Wednesday, November 20, 2019
BOSTON - Today, the Massachusetts Senate gave legislative approval to a landmark bill that will rework the state's school funding formula for the state’s public school systems. The bill, the Student Opportunity Act, implements many of the recommendations of the Foundation Budget Review Commission and it devotes $1.5 billion in new funding for schools. Senators gave unanimous support with 39 members voting in favor.
“The Student Opportunity Act represents not moths of analysis and debate but rather years of strong collaboration from Republican and Democrat lawmakers working together to achieve a workable solution that represents a benefit to every school child in every school district in the Commonwealth,” said Senate Minority Leader Bruce E. Tarr (R-Gloucester). “High quality public education is a cornerstone of our state’s history and it remains a key to our success.
The bill makes several changes to the existing funding formula, known as Chapter 70, to reflect adequate and equitable funding and policy enhancements in four key areas including:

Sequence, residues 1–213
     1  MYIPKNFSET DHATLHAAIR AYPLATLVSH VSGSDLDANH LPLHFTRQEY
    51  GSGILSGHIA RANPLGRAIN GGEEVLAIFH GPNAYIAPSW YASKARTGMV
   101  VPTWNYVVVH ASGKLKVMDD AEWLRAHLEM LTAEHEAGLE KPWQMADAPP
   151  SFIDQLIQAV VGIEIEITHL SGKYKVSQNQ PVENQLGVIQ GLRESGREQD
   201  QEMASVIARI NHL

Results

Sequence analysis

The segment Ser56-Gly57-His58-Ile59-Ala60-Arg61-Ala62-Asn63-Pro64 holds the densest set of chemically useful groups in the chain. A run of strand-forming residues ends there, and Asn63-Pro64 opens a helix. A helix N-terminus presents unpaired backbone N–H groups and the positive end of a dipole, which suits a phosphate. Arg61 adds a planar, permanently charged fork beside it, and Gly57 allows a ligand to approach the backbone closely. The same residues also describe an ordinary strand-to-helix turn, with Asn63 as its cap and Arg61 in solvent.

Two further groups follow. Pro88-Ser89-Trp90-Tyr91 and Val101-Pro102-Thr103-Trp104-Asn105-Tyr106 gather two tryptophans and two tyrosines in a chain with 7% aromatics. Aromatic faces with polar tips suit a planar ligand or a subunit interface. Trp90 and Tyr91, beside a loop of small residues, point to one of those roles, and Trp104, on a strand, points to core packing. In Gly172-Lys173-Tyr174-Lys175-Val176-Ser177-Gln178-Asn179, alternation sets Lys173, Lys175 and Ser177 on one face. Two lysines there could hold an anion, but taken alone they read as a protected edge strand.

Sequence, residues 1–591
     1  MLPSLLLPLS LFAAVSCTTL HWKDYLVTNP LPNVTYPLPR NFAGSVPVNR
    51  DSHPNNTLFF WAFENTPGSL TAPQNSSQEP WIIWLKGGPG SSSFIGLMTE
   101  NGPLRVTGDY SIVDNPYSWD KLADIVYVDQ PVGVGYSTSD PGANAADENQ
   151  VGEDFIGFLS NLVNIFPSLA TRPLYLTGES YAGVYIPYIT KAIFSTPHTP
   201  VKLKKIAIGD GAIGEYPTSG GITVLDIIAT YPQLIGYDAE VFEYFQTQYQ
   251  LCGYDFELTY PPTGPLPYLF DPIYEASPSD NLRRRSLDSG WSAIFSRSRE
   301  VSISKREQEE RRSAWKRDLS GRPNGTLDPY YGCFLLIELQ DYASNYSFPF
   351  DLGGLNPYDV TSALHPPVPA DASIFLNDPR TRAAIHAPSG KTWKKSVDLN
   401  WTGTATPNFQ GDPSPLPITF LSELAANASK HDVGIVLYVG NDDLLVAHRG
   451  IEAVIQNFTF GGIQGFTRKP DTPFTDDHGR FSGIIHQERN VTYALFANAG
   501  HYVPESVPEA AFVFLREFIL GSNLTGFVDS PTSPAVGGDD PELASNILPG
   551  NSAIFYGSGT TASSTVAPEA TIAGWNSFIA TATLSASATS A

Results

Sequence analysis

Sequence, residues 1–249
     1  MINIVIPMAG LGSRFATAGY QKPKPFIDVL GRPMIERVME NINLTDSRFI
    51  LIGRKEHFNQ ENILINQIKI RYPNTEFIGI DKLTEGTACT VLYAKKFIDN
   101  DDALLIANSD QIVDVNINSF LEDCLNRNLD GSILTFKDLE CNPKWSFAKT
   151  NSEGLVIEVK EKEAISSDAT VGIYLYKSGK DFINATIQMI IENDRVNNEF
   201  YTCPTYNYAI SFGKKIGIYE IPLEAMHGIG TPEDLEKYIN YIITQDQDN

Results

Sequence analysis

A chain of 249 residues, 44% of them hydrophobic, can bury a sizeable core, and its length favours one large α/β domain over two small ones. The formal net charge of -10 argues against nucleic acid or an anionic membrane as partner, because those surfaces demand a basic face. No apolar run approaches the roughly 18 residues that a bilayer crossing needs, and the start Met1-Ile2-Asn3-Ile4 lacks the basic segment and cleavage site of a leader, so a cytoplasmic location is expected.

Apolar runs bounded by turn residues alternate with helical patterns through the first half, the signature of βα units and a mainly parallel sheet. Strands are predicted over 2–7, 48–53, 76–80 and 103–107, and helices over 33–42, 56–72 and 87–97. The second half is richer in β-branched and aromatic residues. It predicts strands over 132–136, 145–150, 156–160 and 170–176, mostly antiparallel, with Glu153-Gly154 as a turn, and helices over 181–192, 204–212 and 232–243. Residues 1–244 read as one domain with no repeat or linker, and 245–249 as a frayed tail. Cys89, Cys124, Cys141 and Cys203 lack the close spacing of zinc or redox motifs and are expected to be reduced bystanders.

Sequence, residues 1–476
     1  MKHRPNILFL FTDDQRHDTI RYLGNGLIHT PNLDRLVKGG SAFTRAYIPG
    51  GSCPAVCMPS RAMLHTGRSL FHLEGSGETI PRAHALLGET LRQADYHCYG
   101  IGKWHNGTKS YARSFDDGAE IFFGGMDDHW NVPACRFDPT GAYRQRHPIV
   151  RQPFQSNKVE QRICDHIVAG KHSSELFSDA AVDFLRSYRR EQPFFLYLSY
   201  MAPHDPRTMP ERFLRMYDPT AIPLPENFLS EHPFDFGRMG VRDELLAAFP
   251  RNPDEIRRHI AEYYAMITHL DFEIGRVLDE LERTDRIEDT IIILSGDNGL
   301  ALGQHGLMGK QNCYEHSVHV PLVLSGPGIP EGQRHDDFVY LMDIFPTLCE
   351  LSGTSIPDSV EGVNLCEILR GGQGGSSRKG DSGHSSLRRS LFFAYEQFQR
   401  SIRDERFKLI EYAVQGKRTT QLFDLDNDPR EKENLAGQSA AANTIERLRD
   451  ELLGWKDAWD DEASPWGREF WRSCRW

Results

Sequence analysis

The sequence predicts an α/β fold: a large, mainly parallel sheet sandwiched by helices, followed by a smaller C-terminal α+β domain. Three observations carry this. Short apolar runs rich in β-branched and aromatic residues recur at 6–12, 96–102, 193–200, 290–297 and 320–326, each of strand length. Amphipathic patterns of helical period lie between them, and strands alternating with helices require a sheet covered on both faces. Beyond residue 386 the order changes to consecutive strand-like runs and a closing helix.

• Special education enrollment,
• School districts’ employee and retiree health care costs,
• Increases funding for English learners,
• The needs of districts educating high concentrations of students from low-income households.
The final version of the bill incorporates changes long advocated for by Senator Tarr that were components of the Foundation Budget Review Commission. He also worked to make adjustments to the state’s School Building Assistance Authority funding procedures.
“I want to thank the Minority Leader, Bruce Tarr, who has been working on these issues for many years has been a champion for fixing the formula and was instrumental in the Foundation Budget Review Commission and the work we have done since then to make sure this has been a bipartisan effort,” said Senator Jason Lewis, Senate Chair of the Joint Committee on Education during floor debate. “The process to develop this bill was deeply rooted in collaboration: across legislative chambers and political ideologies, and with the perspectives of stakeholders from across Massachusetts."
The legislation now moves to the desk of Governor Charlie Baker for his consideration.